by John D. Barry, CEO of Jesus' Economy

The Holy Spirit is at work in the world. But if we fail to listen to the Spirit’s prompting, we will miss the opportunity to be part of God’s work. It is for this reason that Paul the apostle said, “Do not quench the Spirit.”

Read >1 Thessalonians 5:19–28. Reflect on 1 Thessalonians 5:19–22:

“Do not quench the Spirit. Do not despise prophecies, but test everything; hold fast what is good. Abstain from every form of evil” (ESV).

In this age of rationalism—where “what you see is what you get”—it’s easy for us to excuse the spiritual. We veto the power of the spiritual in favor of what we can see, feel, and touch. Likewise, in the time of the early church—where mystery cults emphasized spiritual experiences—Paul saw this as an issue. 

At the church at Thessalonica, it seems that certain members were deemphasizing the power of the spiritual. This is likely because the spiritual experiences in Graeco-Roman religions were often performances; they were used for control and power. If a person has a special anointing over their life, or is part of an elite priesthood, it is difficult for anyone else to argue against them. Abuse of power becomes easy for the deceptive, hyper-spiritual individual.

For these reasons, churches often deemphasize the role of the Holy Spirit. We can’t see the Spirit or control its actions, so we neglect the Spirit’s importance. We also bring up the many examples of people using the name of the Holy Spirit to excuse mind games and performances—for the sake of wealth and power.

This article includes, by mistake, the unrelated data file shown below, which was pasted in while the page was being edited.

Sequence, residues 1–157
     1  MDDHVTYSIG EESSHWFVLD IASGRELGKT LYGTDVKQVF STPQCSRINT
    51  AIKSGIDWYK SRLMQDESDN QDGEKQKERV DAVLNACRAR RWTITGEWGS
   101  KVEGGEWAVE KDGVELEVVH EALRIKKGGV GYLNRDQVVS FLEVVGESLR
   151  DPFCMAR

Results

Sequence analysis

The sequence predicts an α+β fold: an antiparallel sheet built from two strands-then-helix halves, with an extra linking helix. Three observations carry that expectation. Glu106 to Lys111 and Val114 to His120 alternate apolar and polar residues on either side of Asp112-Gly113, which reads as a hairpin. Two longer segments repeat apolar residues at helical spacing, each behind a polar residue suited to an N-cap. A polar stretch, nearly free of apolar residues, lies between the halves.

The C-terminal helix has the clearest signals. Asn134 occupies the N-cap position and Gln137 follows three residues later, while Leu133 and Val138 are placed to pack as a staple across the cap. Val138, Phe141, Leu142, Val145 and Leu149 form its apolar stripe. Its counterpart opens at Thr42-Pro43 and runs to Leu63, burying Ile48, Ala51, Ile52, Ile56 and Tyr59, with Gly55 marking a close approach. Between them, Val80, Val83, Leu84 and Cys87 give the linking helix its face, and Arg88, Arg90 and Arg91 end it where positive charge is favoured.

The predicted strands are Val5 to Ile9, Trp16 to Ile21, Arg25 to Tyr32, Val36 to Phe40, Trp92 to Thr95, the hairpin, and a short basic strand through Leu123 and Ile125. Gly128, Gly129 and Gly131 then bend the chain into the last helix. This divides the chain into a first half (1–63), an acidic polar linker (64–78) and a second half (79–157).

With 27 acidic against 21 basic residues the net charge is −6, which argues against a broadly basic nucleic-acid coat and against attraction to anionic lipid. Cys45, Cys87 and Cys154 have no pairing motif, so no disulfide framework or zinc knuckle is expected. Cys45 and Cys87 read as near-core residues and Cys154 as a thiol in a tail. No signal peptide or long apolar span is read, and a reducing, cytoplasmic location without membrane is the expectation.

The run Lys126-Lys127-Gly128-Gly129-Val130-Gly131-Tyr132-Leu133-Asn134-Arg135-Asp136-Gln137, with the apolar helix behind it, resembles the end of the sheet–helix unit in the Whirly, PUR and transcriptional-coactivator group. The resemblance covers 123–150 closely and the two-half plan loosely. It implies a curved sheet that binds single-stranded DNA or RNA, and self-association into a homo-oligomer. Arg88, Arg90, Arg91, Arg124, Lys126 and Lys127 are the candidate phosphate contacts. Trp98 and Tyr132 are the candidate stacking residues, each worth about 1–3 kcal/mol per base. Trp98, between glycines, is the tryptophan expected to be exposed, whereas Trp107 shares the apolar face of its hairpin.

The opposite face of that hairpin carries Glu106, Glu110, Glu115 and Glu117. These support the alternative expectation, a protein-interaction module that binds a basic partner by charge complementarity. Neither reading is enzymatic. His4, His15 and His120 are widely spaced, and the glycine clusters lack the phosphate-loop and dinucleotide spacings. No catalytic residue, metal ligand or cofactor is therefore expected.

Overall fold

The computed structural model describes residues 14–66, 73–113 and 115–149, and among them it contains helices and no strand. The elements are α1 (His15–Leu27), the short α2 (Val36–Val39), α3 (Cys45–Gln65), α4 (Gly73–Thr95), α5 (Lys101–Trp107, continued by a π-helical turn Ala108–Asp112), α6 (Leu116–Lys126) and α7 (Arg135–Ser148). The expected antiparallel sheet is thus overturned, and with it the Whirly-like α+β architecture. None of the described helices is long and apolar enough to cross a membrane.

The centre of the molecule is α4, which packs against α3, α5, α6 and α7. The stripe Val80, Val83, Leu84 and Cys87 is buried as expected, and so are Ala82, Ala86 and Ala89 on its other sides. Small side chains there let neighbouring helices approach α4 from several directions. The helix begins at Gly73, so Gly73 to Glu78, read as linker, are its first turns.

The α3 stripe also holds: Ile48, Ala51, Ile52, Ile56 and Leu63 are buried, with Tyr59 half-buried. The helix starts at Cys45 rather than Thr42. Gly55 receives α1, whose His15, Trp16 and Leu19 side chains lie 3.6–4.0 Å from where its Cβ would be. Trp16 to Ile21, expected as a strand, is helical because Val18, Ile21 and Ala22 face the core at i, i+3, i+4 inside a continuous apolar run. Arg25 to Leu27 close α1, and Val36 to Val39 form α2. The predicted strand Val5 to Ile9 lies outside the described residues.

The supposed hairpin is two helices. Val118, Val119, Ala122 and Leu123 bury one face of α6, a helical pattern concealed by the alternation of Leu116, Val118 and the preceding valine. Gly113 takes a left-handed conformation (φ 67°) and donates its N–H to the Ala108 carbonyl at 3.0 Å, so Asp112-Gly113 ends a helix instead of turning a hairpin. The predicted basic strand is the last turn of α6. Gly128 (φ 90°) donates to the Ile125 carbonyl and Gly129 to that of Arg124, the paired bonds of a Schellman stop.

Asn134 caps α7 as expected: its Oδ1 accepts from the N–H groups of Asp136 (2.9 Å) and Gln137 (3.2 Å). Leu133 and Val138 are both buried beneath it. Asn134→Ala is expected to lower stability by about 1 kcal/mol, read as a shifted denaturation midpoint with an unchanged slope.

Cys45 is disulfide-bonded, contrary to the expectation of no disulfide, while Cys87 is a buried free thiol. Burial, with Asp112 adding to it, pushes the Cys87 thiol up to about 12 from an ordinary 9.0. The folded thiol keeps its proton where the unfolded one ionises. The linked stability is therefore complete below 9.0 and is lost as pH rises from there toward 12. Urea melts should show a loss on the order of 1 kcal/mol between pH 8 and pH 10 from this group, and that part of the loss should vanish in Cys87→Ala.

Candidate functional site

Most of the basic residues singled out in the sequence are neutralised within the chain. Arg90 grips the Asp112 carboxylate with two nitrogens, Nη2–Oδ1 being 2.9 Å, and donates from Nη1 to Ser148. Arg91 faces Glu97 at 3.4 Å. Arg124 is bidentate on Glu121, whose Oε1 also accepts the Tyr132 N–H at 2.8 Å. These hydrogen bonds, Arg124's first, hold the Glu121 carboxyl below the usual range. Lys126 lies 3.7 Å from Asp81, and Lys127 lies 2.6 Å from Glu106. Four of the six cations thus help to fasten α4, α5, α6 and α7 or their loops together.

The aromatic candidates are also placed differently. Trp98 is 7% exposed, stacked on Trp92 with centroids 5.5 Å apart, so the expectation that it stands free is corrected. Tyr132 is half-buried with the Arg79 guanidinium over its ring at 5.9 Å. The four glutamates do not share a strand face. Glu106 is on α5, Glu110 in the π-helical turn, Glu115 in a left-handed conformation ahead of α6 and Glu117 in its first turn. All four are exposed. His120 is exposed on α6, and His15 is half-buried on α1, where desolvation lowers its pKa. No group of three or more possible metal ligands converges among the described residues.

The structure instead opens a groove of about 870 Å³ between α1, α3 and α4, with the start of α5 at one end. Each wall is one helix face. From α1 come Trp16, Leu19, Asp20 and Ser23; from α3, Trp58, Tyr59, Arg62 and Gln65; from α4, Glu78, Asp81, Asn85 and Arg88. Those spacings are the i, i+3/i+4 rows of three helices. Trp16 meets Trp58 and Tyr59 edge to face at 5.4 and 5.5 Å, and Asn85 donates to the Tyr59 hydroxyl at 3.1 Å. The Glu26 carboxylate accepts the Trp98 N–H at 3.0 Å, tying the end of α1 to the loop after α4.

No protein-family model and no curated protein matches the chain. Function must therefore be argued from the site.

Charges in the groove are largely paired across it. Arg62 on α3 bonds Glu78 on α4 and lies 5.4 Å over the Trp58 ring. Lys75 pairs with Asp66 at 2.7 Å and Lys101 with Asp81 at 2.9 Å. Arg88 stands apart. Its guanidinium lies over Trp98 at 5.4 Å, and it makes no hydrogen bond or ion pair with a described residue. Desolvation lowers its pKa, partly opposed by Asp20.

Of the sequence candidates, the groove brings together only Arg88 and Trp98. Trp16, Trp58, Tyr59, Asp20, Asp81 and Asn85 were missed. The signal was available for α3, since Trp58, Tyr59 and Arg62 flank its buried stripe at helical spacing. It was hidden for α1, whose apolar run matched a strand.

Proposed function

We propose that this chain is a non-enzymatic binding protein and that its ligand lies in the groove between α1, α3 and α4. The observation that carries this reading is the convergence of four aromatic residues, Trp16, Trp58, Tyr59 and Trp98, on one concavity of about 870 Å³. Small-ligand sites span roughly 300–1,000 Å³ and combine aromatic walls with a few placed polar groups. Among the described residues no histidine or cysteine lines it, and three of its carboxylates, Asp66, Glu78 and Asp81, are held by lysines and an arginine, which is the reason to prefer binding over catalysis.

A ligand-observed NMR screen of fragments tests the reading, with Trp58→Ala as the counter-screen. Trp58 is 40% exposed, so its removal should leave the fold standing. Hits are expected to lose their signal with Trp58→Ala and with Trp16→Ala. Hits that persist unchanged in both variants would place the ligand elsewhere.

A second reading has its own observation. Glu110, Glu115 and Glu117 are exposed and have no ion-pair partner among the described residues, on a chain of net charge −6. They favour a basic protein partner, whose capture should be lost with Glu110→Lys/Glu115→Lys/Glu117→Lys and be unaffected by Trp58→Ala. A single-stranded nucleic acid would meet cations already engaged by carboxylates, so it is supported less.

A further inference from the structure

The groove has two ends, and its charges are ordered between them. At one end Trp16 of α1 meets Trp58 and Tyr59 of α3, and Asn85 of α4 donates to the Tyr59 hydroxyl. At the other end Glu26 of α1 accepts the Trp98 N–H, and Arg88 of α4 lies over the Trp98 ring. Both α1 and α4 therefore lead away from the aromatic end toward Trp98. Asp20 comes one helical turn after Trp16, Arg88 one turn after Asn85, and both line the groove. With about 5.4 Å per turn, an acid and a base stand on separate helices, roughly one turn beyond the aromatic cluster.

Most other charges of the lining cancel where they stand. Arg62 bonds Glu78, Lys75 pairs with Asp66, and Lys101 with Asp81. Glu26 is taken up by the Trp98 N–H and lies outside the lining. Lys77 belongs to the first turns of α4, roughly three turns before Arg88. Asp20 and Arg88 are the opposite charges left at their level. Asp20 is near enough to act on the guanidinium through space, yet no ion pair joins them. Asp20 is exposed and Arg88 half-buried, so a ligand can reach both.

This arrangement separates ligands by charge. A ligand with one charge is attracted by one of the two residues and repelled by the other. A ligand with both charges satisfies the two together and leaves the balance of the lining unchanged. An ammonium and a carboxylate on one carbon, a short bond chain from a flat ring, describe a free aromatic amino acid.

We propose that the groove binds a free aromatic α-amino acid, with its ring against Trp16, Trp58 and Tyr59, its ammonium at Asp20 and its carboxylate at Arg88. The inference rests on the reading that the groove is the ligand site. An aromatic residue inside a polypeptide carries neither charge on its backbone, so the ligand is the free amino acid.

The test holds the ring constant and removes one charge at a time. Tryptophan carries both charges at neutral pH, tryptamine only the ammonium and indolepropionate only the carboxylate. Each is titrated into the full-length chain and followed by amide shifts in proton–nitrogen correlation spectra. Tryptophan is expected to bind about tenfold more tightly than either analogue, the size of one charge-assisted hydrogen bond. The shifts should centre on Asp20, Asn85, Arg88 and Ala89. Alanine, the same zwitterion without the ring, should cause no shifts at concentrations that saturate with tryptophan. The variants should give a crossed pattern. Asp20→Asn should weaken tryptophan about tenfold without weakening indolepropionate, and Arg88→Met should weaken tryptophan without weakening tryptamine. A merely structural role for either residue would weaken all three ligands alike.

But this abuse of power does not represent the Holy Spirit. Instead, it represents an act of evil. The Holy Spirit, on the other hand, represents all that God—according to the Bible—stands for. The Holy Spirit works to heal and love; to move a community toward the goodness and holiness that is in God’s essence.

Similarly, prophecy, when used appropriately (when pure) represents a word from God himself. This word will never be for the gain of an individual or elite group. Prophecy that is of God will align with the proclamations of the Bible; it can be tested. We can see if it is truly good or evil by how it aligns or misaligns with God’s values as proclaimed by Scripture. 

To “not quench the Spirit” means to allow for the Holy Spirit to do its work among the church. We desperately need the very hand of God upon our communities. We desperately need the Holy Spirit’s comforting and loving actions among us. We must not quench the Spirit among us, but instead seek the good it offers.

In what ways have you quenched the Holy Spirit’s work in your life? How is your church properly (or improperly) utilizing spiritual matters, such as prophecy?


John D. Barry is the CEO and Founder of Jesus’ Economy, dedicated to creating jobs and churches in the developing world. Because of John’s belief that business can also transform lives, Jesus’ Economy also provides an online fair trade shop. He is currently leading Jesus’ Economy efforts to Renew Bihar, India—one of the most impoverished places in the world where few have heard the name of Jesus.